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Old 02-10-2021, 09:59 AM   #1
Ria P
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Default Euthanasia

A while ago i read an alarming thread on a continental hamster forum.
The author of the thread was traumatised by the way her hamster had been put to sleep by a vet and i'm not going to go into the distressing details.
I forgot the name of the drug used but i think that it starts with a T and should only be used by administering a general anaesthetic first, then wait for 10 minutes before administering the said drug because it paralyses muscles and suffocates the hamster which is an awful death for a conscious or even semi conscious animal.
The thread also stated that most vets refuse to use this cheaper drug and put a hamster to sleep with an overdose of a narcotic.
I don't need to spell out what happened to the poor hamster but have always wondered of the method or methods used here in the UK.
What are the experiences of the forum members?
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Old 02-10-2021, 10:20 AM   #2
yasmin_the_hamster
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Default Re: Euthanasia

Quote:
Originally Posted by Ria P View Post
A while ago i read an alarming thread on a continental hamster forum.
The author of the thread was traumatised by the way her hamster had been put to sleep by a vet and i'm not going to go into the distressing details.
I forgot the name of the drug used but i think that it starts with a T and should only be used by administering a general anaesthetic first, then wait for 10 minutes before administering the said drug because it paralyses muscles and suffocates the hamster which is an awful death for a conscious or even semi conscious animal.
The thread also stated that most vets refuse to use this cheaper drug and put a hamster to sleep with an overdose of a narcotic.
I don't need to spell out what happened to the poor hamster but have always wondered of the method or methods used here in the UK.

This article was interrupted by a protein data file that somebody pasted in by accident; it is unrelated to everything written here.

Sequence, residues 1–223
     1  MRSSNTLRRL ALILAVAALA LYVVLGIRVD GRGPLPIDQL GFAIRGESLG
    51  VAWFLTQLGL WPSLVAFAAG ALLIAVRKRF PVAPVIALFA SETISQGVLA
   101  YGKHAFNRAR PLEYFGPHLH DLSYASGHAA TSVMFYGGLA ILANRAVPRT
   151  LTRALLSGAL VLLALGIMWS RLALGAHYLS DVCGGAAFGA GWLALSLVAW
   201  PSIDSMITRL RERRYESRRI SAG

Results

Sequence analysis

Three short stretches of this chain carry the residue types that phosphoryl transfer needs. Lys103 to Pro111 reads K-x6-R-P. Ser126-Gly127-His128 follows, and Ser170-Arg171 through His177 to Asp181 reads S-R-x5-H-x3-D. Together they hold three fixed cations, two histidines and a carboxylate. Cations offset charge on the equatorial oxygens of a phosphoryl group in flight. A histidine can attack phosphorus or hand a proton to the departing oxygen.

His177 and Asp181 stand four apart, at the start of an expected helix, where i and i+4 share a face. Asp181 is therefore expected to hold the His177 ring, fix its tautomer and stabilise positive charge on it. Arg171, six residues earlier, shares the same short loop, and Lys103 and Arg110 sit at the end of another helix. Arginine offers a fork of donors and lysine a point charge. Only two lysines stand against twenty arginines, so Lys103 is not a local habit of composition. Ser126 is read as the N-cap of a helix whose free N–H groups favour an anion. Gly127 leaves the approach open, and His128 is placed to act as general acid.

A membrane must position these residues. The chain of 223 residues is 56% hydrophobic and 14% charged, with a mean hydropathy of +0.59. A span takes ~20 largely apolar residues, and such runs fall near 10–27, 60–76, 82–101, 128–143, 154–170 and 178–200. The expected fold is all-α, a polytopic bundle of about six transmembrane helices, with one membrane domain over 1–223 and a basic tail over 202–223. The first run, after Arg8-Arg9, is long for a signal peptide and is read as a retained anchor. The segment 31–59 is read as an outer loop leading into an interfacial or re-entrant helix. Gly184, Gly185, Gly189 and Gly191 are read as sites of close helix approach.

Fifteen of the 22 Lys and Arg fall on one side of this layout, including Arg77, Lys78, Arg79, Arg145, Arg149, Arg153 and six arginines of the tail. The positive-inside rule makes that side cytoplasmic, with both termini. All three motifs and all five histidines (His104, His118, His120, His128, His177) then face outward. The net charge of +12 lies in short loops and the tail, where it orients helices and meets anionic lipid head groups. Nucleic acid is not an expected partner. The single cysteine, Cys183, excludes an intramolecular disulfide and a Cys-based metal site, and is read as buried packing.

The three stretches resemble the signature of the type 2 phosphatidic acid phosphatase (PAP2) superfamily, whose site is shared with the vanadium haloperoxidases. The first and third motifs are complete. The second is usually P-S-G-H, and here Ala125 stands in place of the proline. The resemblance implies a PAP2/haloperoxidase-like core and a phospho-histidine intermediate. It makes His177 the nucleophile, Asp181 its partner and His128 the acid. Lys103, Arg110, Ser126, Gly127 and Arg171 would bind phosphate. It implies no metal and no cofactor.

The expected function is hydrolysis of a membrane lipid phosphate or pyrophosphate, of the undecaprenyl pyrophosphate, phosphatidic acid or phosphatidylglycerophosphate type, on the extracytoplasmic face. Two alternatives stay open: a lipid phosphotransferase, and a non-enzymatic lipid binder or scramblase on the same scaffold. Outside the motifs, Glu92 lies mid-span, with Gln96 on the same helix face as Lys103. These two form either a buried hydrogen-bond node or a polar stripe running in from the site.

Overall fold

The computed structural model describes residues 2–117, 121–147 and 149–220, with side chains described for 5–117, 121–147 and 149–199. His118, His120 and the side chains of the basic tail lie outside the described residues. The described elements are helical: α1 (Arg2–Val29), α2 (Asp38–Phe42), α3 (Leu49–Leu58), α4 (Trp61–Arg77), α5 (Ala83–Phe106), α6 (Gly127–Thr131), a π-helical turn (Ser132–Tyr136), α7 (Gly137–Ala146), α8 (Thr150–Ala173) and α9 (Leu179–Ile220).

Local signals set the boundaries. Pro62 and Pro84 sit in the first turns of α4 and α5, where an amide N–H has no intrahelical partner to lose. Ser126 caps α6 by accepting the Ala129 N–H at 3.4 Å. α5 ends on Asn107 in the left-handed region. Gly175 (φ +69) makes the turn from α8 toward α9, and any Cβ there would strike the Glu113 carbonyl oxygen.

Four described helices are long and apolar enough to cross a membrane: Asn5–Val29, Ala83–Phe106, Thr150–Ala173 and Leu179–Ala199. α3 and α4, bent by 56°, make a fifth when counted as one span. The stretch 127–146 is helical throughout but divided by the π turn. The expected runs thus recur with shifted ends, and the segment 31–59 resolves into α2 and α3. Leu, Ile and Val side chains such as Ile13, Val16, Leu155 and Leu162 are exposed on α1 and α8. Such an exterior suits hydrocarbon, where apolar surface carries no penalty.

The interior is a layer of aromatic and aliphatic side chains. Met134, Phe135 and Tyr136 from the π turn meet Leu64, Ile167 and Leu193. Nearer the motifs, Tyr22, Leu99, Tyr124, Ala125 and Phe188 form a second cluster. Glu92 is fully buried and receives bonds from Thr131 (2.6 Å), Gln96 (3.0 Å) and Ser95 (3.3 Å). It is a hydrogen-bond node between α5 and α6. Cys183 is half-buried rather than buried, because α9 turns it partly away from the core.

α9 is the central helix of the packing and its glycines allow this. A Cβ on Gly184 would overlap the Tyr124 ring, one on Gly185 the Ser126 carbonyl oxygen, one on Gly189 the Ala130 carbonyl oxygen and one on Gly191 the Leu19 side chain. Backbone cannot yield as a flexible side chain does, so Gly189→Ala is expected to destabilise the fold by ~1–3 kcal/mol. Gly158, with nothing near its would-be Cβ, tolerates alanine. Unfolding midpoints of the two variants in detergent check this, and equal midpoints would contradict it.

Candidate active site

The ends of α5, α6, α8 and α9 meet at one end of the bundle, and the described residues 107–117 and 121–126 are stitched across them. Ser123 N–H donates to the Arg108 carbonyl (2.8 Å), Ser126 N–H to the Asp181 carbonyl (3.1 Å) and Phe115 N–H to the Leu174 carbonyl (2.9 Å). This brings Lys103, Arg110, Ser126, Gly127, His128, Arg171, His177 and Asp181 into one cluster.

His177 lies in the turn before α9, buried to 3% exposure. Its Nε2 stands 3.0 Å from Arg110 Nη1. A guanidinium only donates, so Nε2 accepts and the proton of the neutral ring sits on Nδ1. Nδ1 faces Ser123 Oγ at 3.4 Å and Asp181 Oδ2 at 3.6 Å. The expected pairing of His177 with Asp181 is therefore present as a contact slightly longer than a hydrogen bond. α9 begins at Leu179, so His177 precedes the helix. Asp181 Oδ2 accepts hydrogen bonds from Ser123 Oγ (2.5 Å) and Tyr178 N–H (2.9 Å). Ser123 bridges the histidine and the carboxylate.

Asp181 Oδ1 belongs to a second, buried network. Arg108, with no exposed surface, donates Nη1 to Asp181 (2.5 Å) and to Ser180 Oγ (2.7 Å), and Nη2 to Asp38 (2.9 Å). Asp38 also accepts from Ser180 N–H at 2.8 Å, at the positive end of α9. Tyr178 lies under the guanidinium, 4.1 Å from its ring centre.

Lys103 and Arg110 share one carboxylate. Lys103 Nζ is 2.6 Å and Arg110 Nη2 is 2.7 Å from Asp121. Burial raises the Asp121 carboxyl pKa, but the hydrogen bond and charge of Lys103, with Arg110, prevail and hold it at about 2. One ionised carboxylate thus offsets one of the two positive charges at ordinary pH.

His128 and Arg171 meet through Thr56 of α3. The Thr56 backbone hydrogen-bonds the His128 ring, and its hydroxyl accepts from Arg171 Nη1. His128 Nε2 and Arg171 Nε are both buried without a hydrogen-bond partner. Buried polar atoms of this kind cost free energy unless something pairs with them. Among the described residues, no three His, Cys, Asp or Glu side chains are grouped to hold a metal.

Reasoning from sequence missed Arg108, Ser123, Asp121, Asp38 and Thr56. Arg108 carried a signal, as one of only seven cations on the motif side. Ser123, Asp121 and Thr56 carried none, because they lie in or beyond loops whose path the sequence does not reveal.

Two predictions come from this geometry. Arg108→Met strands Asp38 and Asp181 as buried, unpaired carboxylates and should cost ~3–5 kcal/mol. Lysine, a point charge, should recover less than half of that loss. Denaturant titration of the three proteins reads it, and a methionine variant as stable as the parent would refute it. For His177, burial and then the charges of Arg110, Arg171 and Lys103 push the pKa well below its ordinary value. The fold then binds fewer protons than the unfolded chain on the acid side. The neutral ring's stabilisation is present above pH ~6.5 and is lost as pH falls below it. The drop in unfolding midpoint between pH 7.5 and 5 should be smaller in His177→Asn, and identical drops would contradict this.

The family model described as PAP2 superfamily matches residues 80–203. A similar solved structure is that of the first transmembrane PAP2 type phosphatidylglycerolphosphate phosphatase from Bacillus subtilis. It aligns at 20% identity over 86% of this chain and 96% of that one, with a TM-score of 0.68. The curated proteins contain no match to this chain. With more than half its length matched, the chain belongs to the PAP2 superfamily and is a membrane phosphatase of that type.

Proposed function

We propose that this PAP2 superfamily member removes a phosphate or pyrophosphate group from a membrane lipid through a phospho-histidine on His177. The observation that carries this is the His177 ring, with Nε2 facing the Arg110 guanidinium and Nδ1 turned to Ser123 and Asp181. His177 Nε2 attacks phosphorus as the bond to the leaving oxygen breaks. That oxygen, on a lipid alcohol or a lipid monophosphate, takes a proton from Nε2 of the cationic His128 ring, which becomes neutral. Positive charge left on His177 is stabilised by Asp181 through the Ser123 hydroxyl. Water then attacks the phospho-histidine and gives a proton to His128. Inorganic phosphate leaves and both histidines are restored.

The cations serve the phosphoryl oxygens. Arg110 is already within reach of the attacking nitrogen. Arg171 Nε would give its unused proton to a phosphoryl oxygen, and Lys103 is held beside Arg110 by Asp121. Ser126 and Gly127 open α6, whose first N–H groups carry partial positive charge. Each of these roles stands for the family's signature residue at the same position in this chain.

What are the experiences of the forum members?
Thank you for pointing this out. Yasmin is still small, but it is definitely something to keep in mind - to always ask, what the vet is doing and using.

In Prague, there are animal services, which offer that a vet comes to your house, puts an animal into sleep in the safety of your home and then they do a cremation for your hamster to offer somehow decent way to say a goodbye. I would hate to leave my pets body at the vet, because the way they dispose of animals bodies are... well, unacceptable for me. However, I do not know what they use to put an animal into sleep, or other details of their service. It is just something I will consider when the time comes.
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Old 02-10-2021, 10:25 AM   #3
LunaTheHamster1
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Default Re: Euthanasia

I know not all vets do this in the UK, but the 'nicer' way, more 'humane' way is for it to be gassed (anaesthetised first) then the injection. I have heard some vets just do the injection straight into the heart which is just horrific and the last thing I would ever want any of my pets to go through.
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Old 02-10-2021, 11:01 AM   #4
Serendipity7000
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Default Re: Euthanasia

I went through this when our first hamster Charlie was nearing his time and was very anti the idea of euthanasia for this reason. It depends on the vet whether they use gas anaesthetic first or not so it's important to ask/specify you want that. Some vets give you the option to be there and no gas (you can't be there in the room when they use gas) but there is a lot of debate as to whether it causes pain or not. The injection.

Even so I also do not like the idea of an injection straight into the heart without anaesthetic and think it would be cruel. Even if it is quick. They are already scared and suffering and it is not the way I would want a life to end. Our current vet will only use gas anaesthesia first and I find that reassuring.